‘Relevance in blog search is very difficult. Google-type PageRank analysis, which looks at incoming links to a piece of content, simply doesn’t work because new content doesn’t have much in the way of links. Until now, no one has come up with a way to properly sort blog posts by relevance, and the general default way of showing results is “reverse-chrono”, which simply puts the newest stuff at the top.

Sphere appears to have solved the problem, or at least taken big steps in the right direction. Their approach involves three key algorithms – an analysis of links into and out of a blog, an analysis of metadata around a post (links, post frequency, length of posts, etc.), and something Tony calls their “secret sauce”, which is content semantic analysis to filter out spam and to understand what a blog post is talking about.’

I’m quite looking forward to seeing what they’ve come up with over at Sphere (where you can now apply to be a part of the beta).

Google PR Update Imminent?

I’ve heard from a number of ‘interesting’ sources that Google will be gearing up for another Page Rank (and maybe a back link) update in the coming fortnight.

There are no guarantees on that – but I’ve heard it from four people now so maybe there is something in the pipeline. Time will tell.

update: Matt has just advised that changes will become visable in the next day or two.

Yahoo Y!Q

I’ve been pondering a feature that Yahoo have added to their Yahoo News pages at some point in the last few months.

The feature I’m talking about is Y!Q – an in content link that appears on keywords in News articles that looks like this:

Picture 1-2

If you click this link a little box opens up over the article you are reading with some results from yahoo search and news like this (click to enlarge):

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Affiliate Programs – Transparency and Disclaimers

I’d like to see some discussion around the topic of transparency in using affiliate programs.

When you link to one do you indicate that you are benefiting from the link in some way?

I’ll kick us off here and say that I do – and I don’t.

I probably need to come up with a better policy on this – but in general this is how I approach it.

If I’m recommending a product that I’m linking to with an affiliate program then I generally indicate that it is an affiliate link in some way. For example – regular readers will know that I’ve been talking up Chitika’s eMiniMalls recently. I’m obviously very happy with the product and am recommending that bloggers give it a go. In doing so I link to Chitika with an affiliate link. I am part of a group testing an affiliate program that will be launched publicly to all of their publishers shortly.

At the end of each post that I link to Chitika with I place a disclaimer that reads:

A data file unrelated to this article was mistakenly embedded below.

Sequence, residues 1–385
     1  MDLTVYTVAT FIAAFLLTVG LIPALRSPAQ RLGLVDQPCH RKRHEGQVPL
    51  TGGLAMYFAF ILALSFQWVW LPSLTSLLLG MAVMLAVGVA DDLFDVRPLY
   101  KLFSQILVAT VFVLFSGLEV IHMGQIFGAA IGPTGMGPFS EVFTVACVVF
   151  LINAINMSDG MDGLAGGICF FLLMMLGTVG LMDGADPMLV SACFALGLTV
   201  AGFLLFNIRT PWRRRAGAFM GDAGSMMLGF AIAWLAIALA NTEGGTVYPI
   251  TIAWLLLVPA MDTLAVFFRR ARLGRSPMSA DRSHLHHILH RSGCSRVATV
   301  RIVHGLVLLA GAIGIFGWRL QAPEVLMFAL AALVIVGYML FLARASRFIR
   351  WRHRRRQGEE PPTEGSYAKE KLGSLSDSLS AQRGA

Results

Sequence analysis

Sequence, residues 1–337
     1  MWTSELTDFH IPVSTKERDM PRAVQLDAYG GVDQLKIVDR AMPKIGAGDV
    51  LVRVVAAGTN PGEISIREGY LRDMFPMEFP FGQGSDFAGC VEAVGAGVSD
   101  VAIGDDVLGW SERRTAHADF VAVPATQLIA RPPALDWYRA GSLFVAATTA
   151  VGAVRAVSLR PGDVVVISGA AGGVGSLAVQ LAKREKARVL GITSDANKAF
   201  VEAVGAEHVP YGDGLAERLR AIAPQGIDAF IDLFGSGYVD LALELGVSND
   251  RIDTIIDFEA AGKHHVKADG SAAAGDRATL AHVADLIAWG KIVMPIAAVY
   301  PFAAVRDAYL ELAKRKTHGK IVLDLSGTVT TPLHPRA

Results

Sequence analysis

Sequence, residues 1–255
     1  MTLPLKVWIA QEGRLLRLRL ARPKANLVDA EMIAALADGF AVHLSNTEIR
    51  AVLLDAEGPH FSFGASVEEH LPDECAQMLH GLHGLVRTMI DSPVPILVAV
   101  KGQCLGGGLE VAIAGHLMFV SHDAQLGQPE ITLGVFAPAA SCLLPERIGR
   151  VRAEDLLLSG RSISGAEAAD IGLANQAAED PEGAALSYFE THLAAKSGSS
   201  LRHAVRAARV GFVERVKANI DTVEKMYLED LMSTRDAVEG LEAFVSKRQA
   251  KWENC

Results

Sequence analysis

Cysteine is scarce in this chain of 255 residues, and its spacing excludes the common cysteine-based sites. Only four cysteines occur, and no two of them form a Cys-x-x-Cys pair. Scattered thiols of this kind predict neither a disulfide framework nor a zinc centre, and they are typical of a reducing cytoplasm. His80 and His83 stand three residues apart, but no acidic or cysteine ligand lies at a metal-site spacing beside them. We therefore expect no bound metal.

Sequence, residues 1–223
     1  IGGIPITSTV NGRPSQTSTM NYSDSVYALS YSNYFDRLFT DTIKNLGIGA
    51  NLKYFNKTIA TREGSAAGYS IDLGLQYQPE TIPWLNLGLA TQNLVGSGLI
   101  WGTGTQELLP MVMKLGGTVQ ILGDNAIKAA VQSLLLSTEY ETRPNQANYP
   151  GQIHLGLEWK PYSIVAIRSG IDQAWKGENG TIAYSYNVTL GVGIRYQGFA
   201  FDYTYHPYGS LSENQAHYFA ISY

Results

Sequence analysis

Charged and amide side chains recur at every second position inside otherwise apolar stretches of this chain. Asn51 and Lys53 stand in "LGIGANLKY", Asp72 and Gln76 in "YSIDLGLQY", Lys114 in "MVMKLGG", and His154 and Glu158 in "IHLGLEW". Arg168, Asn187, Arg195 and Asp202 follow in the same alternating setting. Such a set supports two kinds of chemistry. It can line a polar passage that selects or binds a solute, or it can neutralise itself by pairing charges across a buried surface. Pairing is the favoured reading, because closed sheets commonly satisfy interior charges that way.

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Advice on Moving Blogs to a New Domain

A common problem that many bloggers face is having to work out what to do with a blog that is trapped on a domain that they wish they’d never started it on. An example of this is starting out of a Blogspot or hosted TypePad blog and then realizing that it doesn’t have the features you want (plus a longer unprofessional looking domain) and wanting to move to WordPress of MovableType on your own domain.

The only problem is that you run the risk of messing up your Search Engine Ranking by starting on a new domain – it could be like starting all over again!

I often get questions from readers about how to move domains. To be honest, I have no real idea – except to say that I’ve seen people completely loose all their SE ranking and traffic by trying.

So today when I was surfing by one of my favorite blogger’s blogs – Matt Cutts from Google – I was happy to spot him addressing the question in a post on moving to a new web host. He spends most of the post writing about moving hosts but keeping the same domain name – but ends the post by addressing the question of a new domain (bolding is my emphasis):

‘All other things being equal, I would recommend to stay with the original domain if possible. But if you need to move, the recommended way to do it is to put a 301 (permanent) redirect on every page on to point to the corresponding page on If you can map to, that’s better than doing a redirect just to the root page (that is, from to In the olden days, Googlebot would immediately follow a 301 redirect as soon as it found it. These days, I believe Googlebot sees the 301 and puts the destination url back in the queue, so it gets crawled a little later. I have heard some reports of people having issues with doing a 301 from to I’m happy to hear those reports in the comments and I can pass them on to the crawl/indexing team, but we may be due to replace the code that handles that in the next couple months or so. If it’s really easy for you to wait a couple months or so, you may want to do that; it’s always easier to ask crawl/index folks to examine newer code than code that will be turned off in a while.’

Read the full post at Matt Cutts: Gadgets, Google, and SEO